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Most easily mistaken Chinese character


Ian_Lee
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戌, 戊, 戍

I am ashamad to admit that I am still not too sure on how to pronounce (even in Cantonese) the above words if they come out individually.

In Cantonese, we say 橫戌(恤), 點戍(恕), 戊(務)中空. In Putonghua, it would be 橫戌(xu1), 點戍(shu4), 戊(wu4)中空. And two of these three confusing characters appear in the term 戊戌政變 (aka 戊戌/百日維新).

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覃 (qin2) <---- Surname

覃 (tan2) ...

no difference between characters' date=' but two different pronounciations.[/quote']

Well if these are also taken into account then it would be very complicated.

Take a most common word 樂. It is le4 when it means happy; yue4 when it means music (and both are surnames); and yao4 when it means enjoy (e.g. 敬業樂群; 仁者樂山, 智者樂水). In cantonese, the three pronunciations are lok9, ngok9, and ngau6 respectively. (I love my dear new dictionary 8) )

How about 刀 and 力; 兔 and 免? Are they not confusing enough?

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(dao1) - knife

(ren4) - blade

(diao1) sly

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(tong3) - bucket

(yong3) 兵马俑 (bing1 ma3 yong3) - terracotta warriors and horses

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(gan4) - do, work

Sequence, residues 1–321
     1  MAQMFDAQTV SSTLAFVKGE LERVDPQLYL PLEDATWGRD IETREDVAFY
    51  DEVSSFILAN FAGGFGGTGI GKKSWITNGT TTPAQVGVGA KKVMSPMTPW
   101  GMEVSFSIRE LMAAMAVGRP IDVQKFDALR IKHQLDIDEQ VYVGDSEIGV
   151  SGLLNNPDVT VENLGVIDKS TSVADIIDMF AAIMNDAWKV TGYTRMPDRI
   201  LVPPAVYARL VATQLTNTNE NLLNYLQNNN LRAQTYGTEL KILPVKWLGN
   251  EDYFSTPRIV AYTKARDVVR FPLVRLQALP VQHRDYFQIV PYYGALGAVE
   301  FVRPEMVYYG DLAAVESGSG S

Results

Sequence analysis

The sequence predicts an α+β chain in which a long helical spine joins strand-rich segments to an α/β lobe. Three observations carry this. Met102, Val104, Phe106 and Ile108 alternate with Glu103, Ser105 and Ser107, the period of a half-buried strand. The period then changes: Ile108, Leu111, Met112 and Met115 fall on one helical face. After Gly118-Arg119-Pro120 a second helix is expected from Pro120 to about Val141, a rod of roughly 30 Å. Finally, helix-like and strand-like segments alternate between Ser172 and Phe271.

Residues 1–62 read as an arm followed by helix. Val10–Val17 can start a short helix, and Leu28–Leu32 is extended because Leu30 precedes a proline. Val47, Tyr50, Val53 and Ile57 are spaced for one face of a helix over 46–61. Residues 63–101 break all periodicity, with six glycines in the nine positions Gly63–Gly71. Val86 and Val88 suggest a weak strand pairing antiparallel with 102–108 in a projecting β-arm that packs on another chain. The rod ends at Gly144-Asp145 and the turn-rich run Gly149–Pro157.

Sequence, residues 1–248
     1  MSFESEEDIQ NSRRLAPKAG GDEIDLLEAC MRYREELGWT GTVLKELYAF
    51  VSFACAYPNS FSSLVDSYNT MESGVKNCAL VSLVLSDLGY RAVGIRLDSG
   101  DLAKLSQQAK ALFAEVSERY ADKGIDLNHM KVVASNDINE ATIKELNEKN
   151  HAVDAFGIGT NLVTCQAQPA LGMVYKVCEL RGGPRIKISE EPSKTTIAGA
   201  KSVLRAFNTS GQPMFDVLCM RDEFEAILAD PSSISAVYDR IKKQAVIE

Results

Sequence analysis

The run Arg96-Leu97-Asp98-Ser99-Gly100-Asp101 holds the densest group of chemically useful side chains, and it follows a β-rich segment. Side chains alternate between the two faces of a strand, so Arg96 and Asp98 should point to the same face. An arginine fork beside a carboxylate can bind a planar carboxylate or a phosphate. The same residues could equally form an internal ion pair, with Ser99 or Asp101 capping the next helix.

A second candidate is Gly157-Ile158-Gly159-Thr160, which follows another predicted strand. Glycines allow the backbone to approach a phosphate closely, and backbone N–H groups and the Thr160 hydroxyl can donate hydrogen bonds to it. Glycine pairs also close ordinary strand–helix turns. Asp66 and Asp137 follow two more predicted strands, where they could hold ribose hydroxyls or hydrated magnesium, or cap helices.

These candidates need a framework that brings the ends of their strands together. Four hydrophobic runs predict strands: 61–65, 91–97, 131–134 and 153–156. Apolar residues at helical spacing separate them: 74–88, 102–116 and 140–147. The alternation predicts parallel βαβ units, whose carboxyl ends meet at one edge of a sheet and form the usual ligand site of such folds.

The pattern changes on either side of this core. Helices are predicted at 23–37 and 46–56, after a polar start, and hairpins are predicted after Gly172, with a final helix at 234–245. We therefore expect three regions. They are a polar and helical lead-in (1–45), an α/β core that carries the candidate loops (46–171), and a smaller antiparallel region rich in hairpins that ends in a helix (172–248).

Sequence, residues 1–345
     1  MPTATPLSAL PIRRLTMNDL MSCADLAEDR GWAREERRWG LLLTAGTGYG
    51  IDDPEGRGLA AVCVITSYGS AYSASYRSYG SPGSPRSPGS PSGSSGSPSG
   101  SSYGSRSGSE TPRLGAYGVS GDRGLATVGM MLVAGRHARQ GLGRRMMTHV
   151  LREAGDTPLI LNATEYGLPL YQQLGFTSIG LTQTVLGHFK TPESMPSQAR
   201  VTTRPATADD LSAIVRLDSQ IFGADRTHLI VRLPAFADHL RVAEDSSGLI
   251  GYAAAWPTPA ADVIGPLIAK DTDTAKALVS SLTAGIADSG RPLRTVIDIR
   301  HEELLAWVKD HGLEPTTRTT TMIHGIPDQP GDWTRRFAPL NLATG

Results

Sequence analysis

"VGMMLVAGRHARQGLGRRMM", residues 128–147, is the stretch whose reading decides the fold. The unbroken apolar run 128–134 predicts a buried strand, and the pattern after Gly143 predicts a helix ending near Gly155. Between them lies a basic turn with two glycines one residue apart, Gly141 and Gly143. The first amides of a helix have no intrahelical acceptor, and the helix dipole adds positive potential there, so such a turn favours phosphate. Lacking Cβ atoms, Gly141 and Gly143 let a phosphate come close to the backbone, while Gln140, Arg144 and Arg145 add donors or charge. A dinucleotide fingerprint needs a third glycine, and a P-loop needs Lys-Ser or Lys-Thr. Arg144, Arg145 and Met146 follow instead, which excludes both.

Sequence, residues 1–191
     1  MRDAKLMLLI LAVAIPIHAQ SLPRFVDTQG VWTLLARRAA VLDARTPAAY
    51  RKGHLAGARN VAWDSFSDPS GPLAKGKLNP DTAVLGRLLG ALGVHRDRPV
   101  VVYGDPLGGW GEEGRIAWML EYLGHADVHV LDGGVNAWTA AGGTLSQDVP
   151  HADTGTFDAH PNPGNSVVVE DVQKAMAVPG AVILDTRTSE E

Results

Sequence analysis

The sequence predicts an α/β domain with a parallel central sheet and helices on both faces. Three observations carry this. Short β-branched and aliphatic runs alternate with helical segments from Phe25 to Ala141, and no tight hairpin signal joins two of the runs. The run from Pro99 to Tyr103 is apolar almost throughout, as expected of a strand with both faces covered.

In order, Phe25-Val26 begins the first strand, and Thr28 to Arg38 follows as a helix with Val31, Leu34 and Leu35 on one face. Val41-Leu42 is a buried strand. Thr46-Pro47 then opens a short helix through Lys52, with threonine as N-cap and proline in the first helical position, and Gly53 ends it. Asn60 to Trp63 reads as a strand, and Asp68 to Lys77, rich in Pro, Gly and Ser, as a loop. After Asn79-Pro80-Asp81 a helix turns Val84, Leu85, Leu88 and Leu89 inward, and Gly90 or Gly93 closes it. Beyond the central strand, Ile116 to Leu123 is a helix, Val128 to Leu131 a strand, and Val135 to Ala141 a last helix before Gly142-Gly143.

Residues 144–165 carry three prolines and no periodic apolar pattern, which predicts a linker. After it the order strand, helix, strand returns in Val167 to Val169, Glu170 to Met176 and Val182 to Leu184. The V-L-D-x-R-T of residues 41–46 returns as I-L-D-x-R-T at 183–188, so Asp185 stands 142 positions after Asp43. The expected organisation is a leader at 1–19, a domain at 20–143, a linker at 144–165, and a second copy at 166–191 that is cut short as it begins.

(yu2) - for, of

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(jia3) - first

(you2) - because, due to

(tian2) - field

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(zai4) - again

(ran3) one of surnames

冉冉 (ran2 ran2) - gradually

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(jie2)

(jue2)

孑孓 the babies of mosquito

hehe, it's so confusing. :-P

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Also (xing4) and (nie4). These are listed in the Zhongwen Zipu as different characters, but apparently, there's no graphical difference between them. I think they're two different characters that over the years have evolved to look exactly the same, despite the fact that they have different etymologies.

There's also (cha2) and (nie2), (shi4) and (tu3), (niao3) and (wu1). There are a bazillion of them. Which is one of the reasons why Chinese is such a hard language to learn to read and write.

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